Twelve years ago, then president Dr. David Burks and Vice President of Alumni and Parental Relations Liz Howell met with Director of Physical Resources Danny DeRamus to begin a new tradition of decorating the campus for the holidays. This tradition that, according to DeRamus, started with 60 thousand lights has now grown to include 800 wreaths and 1 million lights.
“Over the years, the lights have become a destination,” said Dana McMillion, maintenance director for physical resources. “It’s now so big that kids tell their parents about (the lighting ceremony), and they come here just to watch. We bring in a lot of people besides the students.”
While DeRamus was heavily involved with the process for the first few years, he said he has since passed the project on to McMillion who has run it every year since.
“It’s special for us because of the happiness and joy that it brings, not only to our students but to our community and to guests,” Howell said.
Howell also serves as chairman of the Holiday of Lights committee for Searcy, an organization that partners with the community of Searcy to create a festive experience for people who visit the city.
“Searcy and Harding are a partnership,” Howell said. “We share the same vision of making our community a better place and, by working together and sharing resources, the ability to make things happen.”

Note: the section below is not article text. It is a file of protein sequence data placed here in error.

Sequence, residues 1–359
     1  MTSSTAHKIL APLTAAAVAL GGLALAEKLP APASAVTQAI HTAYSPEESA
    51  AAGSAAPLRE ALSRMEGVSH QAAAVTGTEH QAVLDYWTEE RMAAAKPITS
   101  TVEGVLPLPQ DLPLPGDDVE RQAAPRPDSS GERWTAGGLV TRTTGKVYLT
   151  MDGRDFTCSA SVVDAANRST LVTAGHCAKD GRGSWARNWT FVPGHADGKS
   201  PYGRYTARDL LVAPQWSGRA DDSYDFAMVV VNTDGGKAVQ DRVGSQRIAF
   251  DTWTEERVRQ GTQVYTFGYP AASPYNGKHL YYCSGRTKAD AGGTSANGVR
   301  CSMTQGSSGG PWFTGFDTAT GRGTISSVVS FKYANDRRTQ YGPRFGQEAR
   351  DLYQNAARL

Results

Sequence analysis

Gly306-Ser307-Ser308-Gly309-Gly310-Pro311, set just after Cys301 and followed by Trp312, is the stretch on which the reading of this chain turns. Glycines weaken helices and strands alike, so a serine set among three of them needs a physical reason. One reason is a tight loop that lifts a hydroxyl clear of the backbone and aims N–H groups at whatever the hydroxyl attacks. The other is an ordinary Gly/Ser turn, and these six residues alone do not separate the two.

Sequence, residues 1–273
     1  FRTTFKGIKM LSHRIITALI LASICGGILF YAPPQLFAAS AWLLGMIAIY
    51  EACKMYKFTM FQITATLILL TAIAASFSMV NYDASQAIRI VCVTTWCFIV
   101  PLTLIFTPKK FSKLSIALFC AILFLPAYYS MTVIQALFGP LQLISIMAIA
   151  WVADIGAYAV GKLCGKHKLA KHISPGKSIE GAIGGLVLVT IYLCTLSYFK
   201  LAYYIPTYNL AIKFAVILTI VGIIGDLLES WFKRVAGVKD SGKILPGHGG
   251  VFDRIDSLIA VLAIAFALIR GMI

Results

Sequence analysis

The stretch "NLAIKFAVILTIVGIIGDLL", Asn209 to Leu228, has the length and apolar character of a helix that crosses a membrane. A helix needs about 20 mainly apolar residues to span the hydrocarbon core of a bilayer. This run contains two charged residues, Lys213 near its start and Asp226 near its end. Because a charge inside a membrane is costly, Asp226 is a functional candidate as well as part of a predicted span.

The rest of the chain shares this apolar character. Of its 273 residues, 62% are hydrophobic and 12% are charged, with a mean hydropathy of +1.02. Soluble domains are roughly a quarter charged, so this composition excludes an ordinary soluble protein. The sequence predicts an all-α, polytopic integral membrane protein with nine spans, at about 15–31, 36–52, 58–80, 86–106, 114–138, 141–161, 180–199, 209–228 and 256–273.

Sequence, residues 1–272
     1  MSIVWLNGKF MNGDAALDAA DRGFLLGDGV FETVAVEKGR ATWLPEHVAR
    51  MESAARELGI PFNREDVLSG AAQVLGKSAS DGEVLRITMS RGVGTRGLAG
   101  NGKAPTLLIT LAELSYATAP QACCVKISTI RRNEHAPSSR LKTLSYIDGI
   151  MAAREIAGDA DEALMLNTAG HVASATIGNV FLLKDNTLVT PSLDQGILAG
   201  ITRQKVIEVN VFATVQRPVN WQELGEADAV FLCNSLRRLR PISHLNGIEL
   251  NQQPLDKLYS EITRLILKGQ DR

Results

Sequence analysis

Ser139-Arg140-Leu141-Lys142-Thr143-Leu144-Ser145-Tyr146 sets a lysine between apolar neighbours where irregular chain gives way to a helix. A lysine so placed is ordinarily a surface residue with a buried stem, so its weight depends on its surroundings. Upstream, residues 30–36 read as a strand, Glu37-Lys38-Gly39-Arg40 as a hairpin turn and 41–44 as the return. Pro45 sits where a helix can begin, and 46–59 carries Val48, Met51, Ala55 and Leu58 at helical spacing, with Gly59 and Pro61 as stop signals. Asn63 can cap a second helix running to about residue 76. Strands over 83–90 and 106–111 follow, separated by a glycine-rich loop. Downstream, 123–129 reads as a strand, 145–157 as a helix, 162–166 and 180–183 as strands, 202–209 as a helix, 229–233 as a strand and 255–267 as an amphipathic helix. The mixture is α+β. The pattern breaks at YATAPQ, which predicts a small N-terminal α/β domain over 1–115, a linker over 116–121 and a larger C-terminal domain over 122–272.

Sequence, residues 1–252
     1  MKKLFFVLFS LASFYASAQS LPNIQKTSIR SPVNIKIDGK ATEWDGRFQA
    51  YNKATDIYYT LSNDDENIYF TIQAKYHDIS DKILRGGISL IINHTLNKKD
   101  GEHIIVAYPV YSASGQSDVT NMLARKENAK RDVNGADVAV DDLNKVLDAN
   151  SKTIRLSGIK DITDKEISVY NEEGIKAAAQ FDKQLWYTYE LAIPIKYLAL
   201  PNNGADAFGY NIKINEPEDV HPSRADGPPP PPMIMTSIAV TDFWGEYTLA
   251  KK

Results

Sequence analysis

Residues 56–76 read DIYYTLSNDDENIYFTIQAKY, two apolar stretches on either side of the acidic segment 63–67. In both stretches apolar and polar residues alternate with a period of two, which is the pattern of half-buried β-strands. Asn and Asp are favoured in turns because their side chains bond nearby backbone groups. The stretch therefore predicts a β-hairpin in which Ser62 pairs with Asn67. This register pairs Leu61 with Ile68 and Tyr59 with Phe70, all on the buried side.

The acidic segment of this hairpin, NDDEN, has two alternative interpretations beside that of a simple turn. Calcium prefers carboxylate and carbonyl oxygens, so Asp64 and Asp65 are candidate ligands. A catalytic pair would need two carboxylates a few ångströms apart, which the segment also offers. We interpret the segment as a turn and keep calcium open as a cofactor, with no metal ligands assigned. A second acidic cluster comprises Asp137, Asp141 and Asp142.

According to Howell, the department of tourism for Arkansas produces a guide of places for people to visit during the Christmas season, and Searcy is included in the list.
McMillion said it takes a group of about eight to 10 people to put up the Christmas lights, with one team in the trees and one on the ground. The team focusing on the trees uses two 60-foot man lifts to reach the branches, and the other team wraps everything they can reach without the lift.
“We’ve added the secret garden in last year so that was quite a bit more,” DeRamus said. “We’ll be trying to incorporate even more so it will get bigger and bigger … we have dreams, it’s just trying to make them happen in the time frame we have with the amount of workers.”
DeRamus said the lighting ceremony brings a sense of the holiday spirit to campus, but there is a different kind of anticipation felt by the six people stationed around the campus who flip the switches to turn the lights on.
“We’re nervous, hoping nothing goes wrong and hoping that everything lights when it’s supposed to,” DeRamus said. “Everybody is just listening to their radio, hoping they can hear it.”
Howell said they will begin the process of taking down the lights after Jan. 8, but will leave the lights closest to the Cone Chapel up for scheduled wedding ceremonies.
“It’s a recruiting tool, too,” DeRamus said. “One year they had football team interviews and they wanted to show them the lights … We really try to get as much use out of it as we can.”
Volunteers who would like to help work on the wreaths will be invited to help on Nov. 10 starting at 9 a.m. at the back of the Ulrey Performing Arts Center. The lighting ceremony will be held Monday, Nov. 27.